Originally published in Wits Vuvuzela, March 16, 2018.
FEATURED PHOTO: SRC president Oredireste Masebe (left) contests Prof Adam Habib’s (right) views on EFF. Photo: Provided
SRC president believes that the vice-chancellor’s views on the EFF have no basis.
Student Representative Council (SRC) president Oredireste Masebe, who is affiliated to the Economic Freedom Fighters (EFF), has refuted statements expressed by Wits Vice-Chancellor Professor Adam Habib that the EFF should be considered a “proto-fascist movement” because of the party’s populist rhetoric.
Habib is wrong about the EFF – SRC president https://t.co/3qSLgDeBNb by Tshego Mokgabudi
— IG: WitsVuvuzela (@WitsVuvuzela) March 16, 2018
In an article titled ‘Is Ramaphosa’s ANC managing the challenge from the EFF?’, published in the Daily Maverick on Tuesday, March 12, Habib argues that the EFF is “no different” from the Five Star movement in Italy and Germany’s Alternative für Deutschland (AfD) party, based on its appeal to young people, use of populism and practice of “racist” ideology.
Masebe told Wits Vuvuzela that besides the simple similarity in age demographics, the EFF could not be compared to these parties.
“Julius Malema is not a populist, he is simply someone who is championing the popular needs and issues of the society at large,” he said.
“What Adam Habib is failing to understand is that the EFF is not a populist movement, it is a popular one,” Masebe added.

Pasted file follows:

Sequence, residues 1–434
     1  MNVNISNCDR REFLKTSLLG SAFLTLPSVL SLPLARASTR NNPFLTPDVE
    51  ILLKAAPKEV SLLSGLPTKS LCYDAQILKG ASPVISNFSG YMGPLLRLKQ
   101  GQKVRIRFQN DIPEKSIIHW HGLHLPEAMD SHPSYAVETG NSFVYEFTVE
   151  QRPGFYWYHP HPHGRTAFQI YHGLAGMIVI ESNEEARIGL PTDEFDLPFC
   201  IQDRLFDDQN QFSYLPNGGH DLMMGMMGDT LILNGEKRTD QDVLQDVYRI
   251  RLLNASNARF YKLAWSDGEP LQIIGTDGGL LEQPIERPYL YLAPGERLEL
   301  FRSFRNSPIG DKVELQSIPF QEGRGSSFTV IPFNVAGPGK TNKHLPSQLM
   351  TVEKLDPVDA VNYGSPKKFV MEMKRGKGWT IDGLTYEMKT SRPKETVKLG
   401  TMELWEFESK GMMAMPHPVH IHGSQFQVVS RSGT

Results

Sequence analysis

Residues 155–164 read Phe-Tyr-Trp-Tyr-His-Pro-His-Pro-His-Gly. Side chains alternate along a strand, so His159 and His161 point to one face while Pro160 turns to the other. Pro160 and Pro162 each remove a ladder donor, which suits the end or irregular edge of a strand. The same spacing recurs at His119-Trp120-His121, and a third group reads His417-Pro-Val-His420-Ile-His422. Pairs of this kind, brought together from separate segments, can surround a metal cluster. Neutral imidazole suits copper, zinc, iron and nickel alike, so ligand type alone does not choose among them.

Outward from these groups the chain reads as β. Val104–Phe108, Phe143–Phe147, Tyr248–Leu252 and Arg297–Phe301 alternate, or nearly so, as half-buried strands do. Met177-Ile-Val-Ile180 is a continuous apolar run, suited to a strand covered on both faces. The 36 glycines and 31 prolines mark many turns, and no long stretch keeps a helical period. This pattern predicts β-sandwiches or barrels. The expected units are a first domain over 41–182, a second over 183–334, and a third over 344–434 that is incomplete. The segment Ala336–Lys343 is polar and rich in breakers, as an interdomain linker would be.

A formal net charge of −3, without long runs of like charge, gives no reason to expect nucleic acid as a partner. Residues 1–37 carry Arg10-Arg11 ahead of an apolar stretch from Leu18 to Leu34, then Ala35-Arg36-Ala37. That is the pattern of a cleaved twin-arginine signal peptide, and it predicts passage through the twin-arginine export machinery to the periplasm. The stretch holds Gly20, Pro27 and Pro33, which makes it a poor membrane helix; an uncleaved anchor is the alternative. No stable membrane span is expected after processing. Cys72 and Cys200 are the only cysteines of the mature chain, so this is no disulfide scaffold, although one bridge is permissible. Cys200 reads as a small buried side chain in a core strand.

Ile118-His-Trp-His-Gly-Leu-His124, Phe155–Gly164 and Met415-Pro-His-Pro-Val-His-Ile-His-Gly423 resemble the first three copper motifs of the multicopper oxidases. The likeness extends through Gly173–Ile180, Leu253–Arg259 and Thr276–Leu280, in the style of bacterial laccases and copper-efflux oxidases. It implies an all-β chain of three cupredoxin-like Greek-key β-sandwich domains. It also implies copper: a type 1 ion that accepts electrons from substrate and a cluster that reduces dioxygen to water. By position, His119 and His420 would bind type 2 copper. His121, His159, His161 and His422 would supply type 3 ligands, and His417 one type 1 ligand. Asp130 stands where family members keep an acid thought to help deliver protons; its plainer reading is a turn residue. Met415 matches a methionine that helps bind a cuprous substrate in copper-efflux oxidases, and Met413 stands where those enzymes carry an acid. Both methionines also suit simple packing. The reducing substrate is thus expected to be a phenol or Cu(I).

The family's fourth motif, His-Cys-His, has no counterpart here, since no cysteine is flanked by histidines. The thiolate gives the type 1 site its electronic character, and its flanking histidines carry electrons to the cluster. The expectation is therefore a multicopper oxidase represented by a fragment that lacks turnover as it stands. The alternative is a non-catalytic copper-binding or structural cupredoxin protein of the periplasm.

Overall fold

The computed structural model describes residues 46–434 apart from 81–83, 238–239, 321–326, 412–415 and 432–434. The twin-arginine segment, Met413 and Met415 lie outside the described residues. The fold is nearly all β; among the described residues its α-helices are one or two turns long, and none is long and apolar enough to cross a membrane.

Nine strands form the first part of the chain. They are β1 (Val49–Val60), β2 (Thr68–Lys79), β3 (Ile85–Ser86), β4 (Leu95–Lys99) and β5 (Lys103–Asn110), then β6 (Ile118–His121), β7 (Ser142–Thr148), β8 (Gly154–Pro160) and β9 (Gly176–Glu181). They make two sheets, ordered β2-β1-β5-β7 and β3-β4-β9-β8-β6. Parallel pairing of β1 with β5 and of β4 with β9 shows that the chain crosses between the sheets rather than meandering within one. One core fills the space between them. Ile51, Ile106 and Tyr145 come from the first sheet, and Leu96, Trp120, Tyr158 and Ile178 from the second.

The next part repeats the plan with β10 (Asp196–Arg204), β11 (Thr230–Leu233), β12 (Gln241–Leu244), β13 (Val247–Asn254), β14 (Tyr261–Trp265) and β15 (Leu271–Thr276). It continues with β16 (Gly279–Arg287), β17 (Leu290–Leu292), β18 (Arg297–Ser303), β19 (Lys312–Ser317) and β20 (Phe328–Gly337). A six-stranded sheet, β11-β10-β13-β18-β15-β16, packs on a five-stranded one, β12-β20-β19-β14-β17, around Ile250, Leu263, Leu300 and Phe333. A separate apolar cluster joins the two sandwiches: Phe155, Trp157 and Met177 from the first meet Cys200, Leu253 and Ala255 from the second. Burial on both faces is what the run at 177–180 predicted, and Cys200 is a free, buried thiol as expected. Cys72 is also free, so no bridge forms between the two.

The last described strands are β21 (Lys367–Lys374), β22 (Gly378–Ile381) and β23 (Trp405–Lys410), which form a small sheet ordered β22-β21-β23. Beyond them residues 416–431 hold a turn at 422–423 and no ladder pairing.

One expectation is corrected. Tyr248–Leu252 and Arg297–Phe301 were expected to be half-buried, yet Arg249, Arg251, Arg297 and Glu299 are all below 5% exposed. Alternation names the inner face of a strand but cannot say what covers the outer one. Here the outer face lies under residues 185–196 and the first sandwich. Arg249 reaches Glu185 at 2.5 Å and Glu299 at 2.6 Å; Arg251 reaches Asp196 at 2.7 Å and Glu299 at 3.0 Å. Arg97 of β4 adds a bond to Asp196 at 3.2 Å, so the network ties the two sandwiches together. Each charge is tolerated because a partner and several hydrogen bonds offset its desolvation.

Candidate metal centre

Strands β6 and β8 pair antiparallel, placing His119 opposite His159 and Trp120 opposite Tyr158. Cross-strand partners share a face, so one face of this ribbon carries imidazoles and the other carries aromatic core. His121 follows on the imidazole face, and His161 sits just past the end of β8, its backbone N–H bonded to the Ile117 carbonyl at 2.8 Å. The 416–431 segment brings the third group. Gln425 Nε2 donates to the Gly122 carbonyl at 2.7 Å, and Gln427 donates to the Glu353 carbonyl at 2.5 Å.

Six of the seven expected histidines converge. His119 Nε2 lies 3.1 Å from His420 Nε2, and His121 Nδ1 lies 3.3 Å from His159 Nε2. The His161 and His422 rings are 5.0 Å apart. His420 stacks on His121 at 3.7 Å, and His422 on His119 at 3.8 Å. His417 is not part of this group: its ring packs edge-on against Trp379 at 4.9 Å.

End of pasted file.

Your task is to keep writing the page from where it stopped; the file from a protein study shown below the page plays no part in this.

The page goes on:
In his opinion piece, Habib analyses the relationship between the African National Congress and the EFF since Jacob Zuma’s resignation as president, arguing that the EFF owed much of its existence to the former president.
“The EFF may be younger and perhaps even more politically adept, but its track record is as populist, corrupt and administratively incompetent as the Zuma camp ever was,” writes Habib.
To which Masebe responds: “Again, I’m telling you, I think Habib was a bit high when he wrote this thing. Because a lot of these points, imagine, I, an undergraduate, can argue against this and this man has how many PhDs?”
Speaking to Wits Vuvuzela from Harvard University where he is on sabbatical, Habib had advice for the likes of Masebe.
“Those who disagree must do so, but it would be in their interest to think through the argument, and then disagree by explaining why.
“I wrote this as an intellectual contribution on a matter of national importance, and it is the right of others to respond intellectually. This after all is a university and the contest of ideas in this institution is sacred,” Habib said.
Masebe said he planned to respond to Habib’s article with an open letter to the Wits community.